When you are entering into an insurance contract, you may well use the services of an insurance broker (see How to enter into an insurance contract). As well as assisting you in entering into the contract, the broker will handle and pass on all payments made between you and the insurance company. Brokers are subject to the requirements of the INSURANCE INTERMEDIARIES ACT 1994.
Insurance brokers are different from insurance agents in that brokers are not contracted with any insurance company and are in fact your agent. Nevertheless they do make their money by getting a commission from the insurance company.
As the insurance broker is your agent, he or she has both express and implied authority to enter into an insurance contract that meets the requirements you have stipulated.
Under the INSURANCE INTERMEDIARIES ACT 1994, an insurance broker who receives premiums from you under a policy that has been accepted by an insurance company must pay the premium to the company:
When an insurance broker receives money from an insurer to be paid to you under a claim, the broker must pay you the money within seven days, unless the money is in the form of a cheque, in which case the broker must send you the cheque immediately. The broker may, however, deduct any money that you owe under the policy.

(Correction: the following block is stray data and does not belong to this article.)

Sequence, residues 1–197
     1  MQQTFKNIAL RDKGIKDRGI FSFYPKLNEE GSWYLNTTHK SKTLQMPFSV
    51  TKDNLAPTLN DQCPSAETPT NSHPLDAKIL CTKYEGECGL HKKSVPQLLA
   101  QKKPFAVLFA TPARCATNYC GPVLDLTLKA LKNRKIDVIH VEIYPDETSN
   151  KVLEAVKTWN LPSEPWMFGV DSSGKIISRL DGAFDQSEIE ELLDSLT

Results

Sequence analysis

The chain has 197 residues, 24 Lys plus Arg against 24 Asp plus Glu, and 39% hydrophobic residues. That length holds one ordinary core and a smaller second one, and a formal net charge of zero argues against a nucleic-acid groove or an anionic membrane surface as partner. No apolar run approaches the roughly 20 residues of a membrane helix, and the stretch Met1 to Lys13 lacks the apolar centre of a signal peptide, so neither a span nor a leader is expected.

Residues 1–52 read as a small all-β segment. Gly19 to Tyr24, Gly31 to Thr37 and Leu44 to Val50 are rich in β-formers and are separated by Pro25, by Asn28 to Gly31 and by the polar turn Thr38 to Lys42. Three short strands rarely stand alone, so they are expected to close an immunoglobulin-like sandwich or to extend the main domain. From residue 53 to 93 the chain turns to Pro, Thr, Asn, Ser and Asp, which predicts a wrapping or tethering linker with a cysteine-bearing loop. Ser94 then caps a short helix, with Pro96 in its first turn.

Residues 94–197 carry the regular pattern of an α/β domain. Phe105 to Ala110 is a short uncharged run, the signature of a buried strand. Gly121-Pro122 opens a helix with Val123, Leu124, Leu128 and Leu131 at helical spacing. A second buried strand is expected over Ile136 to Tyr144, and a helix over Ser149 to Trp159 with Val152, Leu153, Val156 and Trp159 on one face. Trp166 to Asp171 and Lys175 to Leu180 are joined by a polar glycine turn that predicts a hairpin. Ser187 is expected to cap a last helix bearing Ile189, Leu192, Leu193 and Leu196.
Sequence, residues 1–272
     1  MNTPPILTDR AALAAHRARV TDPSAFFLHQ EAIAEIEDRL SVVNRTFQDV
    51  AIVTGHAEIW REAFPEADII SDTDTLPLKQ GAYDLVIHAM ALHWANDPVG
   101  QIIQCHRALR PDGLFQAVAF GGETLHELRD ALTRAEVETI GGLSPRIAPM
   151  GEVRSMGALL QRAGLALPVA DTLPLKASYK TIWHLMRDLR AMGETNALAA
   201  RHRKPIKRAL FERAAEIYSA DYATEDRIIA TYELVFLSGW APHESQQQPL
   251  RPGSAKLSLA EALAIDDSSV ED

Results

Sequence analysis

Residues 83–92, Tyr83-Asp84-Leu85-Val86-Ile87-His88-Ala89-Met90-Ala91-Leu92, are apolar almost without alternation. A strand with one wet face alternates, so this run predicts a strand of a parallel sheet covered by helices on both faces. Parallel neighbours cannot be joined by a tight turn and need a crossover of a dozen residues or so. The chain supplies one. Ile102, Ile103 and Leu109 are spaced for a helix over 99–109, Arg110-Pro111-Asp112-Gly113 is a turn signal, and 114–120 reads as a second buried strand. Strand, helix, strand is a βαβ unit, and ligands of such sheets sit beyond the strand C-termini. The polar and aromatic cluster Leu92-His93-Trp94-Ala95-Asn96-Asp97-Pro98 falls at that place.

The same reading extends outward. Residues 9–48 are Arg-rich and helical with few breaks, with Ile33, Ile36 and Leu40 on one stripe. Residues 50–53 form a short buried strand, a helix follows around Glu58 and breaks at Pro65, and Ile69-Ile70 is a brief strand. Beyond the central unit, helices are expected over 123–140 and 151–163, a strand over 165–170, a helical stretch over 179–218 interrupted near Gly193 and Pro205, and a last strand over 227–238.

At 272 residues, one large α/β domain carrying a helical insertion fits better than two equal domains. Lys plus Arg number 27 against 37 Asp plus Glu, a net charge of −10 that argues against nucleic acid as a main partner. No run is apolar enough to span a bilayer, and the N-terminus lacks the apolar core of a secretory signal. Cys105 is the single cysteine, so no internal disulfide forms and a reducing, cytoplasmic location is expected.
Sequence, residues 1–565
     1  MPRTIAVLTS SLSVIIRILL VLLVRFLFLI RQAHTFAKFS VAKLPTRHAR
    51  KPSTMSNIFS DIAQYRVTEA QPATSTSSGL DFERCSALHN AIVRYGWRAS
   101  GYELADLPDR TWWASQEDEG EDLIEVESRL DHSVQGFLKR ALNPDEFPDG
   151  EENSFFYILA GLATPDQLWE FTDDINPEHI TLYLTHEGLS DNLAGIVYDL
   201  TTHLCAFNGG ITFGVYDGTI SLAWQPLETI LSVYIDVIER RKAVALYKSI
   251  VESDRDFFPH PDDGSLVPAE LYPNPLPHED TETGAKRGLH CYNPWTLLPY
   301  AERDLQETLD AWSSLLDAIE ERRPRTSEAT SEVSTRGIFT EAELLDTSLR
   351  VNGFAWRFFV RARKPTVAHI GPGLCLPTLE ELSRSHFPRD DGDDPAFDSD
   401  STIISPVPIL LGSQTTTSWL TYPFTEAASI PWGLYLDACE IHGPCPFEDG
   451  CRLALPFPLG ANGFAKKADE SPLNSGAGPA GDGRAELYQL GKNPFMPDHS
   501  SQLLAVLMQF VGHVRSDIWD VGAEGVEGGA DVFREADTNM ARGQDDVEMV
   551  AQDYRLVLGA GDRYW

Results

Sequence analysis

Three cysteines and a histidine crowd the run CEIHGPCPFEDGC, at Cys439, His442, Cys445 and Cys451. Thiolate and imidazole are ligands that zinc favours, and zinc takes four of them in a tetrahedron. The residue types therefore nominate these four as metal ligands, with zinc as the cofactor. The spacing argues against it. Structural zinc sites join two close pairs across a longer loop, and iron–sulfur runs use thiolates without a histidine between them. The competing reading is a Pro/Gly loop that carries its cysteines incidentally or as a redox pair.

A broker who doesn't comply with this requirement commits an offence punishable by a fine of up to $5,000 (if an individual) or $10,000 (if a company).
Under the Act you are protected if your insurance broker goes bankrupt:
Brokers must also keep a separate account â€“ called an "insurance broking client account" â€“ into which they must pay:
The broker holds the money in the account on trust, and brokers cannot pay money out of the account nor invest it, except as allowed by the Act.
If the broker becomes bankrupt or goes into liquidation, policy-holders who have filed claims are paid out of this account ahead of insurance companies that are due premium payments.
As well as the specific duties and restrictions to which insurance brokers are subject under the INSURANCE INTERMEDIARIES ACT 1994, a broker is also subject to the following general duties when advising and acting for you:
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